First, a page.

The Purple Pseudochromis is also known as Purple Dottyback, Strawberry Gramma, or Magenta Dottyback due to its beautiful magenta body color. It is among the hardiest of fish and is very easy to maintain, that makes it a very good choice for beginner aquarists. This little beauty can be aggressive towards other smaller fishes in the tank, hence should be kept singly and should not be mixed with other Basslets or Dottybacks. The Purple Pseudochromis should be provided with ample rock work, and do well in a community tank. It will remain in its caves or crevices and comes out only when it will be fed. The Purple Pseudochromis looks stunning in any tank with their dramatic coloration. It is capable of changing sex, and when the eggs are laid, the male is known to carry these eggs in its mouth to keep it aerated. The Purple Pseudochromis is only aggressive towards similar looking species, it generally mixes well with other fishes. The Purple Pseudochromis is great for reef tanks and makes a great addition to it. If you wish to have a group of this little beauty in your tank, introduce all the Purple Pseudochromis fish at a time so that it gets along well with each other at the time of acclimatizing and lessens the territorial behavior. The Purple Pseudochromis can be fed with frozen foods such as Mysis shrimp or Brine shrimp which are readily accepted by this beautiful fish.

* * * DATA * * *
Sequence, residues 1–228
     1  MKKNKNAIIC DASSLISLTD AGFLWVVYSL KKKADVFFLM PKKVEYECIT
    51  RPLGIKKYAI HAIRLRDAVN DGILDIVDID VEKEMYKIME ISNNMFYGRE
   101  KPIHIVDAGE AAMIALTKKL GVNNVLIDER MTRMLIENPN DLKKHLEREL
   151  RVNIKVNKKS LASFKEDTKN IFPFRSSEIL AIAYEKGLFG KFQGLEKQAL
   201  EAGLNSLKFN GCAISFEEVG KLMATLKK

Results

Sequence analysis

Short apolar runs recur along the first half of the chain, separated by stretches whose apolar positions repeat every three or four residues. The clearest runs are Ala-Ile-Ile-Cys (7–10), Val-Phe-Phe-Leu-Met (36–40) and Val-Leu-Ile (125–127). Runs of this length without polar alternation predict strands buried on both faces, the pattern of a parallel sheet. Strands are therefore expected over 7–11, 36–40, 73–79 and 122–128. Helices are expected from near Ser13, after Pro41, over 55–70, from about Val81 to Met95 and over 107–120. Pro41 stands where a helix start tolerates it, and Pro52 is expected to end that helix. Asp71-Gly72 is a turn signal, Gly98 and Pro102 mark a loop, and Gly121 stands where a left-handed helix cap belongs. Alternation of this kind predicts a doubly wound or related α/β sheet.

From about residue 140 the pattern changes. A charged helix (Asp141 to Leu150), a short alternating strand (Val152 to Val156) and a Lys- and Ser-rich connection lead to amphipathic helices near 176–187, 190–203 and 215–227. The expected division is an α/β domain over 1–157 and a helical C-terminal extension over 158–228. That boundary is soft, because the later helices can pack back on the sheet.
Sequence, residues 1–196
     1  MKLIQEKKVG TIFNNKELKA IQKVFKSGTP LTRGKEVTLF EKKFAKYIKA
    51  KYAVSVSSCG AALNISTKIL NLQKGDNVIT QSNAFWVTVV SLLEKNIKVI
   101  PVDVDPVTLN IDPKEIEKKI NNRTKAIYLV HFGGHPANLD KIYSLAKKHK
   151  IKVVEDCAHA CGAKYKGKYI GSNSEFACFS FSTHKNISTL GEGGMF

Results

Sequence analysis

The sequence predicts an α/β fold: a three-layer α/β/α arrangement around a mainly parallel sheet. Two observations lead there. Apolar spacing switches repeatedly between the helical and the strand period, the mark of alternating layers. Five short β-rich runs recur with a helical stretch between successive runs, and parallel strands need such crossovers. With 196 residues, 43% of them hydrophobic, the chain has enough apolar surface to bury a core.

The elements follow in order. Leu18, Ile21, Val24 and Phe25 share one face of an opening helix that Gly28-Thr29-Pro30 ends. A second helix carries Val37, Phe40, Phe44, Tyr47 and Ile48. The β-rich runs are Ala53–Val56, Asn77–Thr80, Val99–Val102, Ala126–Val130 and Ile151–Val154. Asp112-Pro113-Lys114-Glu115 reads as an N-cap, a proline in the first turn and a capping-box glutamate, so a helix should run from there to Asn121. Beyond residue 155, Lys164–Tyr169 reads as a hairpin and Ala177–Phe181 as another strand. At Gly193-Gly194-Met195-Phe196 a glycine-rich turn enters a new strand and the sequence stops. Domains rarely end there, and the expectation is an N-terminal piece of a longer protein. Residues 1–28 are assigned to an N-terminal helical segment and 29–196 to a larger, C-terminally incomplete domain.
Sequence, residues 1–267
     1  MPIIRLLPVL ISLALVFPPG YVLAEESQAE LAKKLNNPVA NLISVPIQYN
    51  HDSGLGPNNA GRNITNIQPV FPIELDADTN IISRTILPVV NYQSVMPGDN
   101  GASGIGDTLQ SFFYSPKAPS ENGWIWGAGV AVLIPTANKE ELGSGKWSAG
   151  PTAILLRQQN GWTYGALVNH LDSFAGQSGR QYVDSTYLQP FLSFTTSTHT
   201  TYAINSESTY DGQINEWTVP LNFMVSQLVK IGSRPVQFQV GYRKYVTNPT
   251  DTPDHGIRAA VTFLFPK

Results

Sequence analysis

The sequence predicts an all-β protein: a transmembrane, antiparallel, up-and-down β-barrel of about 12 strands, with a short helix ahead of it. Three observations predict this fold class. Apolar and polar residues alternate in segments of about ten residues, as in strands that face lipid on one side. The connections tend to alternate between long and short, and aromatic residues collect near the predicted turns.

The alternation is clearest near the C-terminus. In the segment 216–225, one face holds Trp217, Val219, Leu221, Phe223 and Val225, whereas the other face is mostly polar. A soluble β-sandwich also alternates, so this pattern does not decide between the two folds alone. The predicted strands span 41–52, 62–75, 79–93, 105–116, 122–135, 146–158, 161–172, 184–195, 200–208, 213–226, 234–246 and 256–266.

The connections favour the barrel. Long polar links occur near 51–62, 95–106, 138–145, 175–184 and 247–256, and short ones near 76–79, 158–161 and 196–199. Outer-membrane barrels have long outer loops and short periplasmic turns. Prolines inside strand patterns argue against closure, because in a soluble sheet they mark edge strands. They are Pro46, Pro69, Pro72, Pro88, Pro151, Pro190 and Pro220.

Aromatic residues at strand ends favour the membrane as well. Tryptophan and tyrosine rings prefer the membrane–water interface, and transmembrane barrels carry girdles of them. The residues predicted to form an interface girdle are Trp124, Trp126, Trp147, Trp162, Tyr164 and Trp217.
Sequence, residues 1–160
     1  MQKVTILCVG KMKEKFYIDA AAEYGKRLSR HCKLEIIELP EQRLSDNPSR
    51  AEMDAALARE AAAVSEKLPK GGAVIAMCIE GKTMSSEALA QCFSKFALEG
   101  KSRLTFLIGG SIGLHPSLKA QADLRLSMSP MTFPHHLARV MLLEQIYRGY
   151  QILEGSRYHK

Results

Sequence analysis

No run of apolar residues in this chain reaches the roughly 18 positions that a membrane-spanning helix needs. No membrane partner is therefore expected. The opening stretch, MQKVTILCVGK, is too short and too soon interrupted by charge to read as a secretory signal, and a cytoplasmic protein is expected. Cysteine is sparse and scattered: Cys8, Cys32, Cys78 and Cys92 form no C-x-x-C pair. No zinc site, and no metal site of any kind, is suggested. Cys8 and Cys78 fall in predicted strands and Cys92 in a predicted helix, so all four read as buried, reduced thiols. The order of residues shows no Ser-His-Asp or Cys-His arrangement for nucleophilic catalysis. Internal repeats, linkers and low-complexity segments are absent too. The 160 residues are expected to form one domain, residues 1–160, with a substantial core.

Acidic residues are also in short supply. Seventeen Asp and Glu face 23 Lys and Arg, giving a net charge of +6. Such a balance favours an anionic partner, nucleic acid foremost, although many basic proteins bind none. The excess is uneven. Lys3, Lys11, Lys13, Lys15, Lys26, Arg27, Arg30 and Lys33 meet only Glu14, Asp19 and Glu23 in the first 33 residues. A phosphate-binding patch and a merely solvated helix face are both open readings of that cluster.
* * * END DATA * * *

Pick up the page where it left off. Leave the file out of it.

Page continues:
The Purple Pseudochromis, a.k.a. Strawberry Gramma or Magenta Dottyback, is colored in a solid bright purple color. These fish make tremendous additions to reef tanks. They prefer lots of rockwork and do well in a community tank. Keep only one per tank and do not mix with other Basslets or Dottybacks.Dottybacks are a group of small, colorful basslet-like fish that inhabit the crevices and small caves of the coral reef.Dottybacks can be kept in smaller aquariums, although larger tanks with plenty of live rock are preferable. They are territorial and will defend the area they have claimed as home quite aggressively. Housing several dottybacks depends on the size of the tank and the amount of hiding places available. There is some success with introducing several dottybacks at the same time, this allows each to establish a territory to defend, without giving an advantage to one. Once a dottyback has becomes accustomed to a tank, it is usually difficult to get another introduced without being attacked. Dottybacks vary species by species in aggressiveness, and care should be taken when deciding which to introduce to an aquarium community.Dottybacks are easy to feed, and frozen foods such as Mysid shrimp or Brine shrimp are readily accepted. They are also known to feed on small bristle worms, and have been introduced to tanks to help control excessive bristle worm populations. Aqua-cultured dottybacks are also fed pellet or granulated food.The family of Dottybacks are well known for their elusive nature. These fish tend to stay within their crevice or cave until it is time to feed. Their color is usually quite dramatic and they are capable of changing their sex. When eggs are laid the males are known to pick up the eggs with their mouths in order to keep them aerated.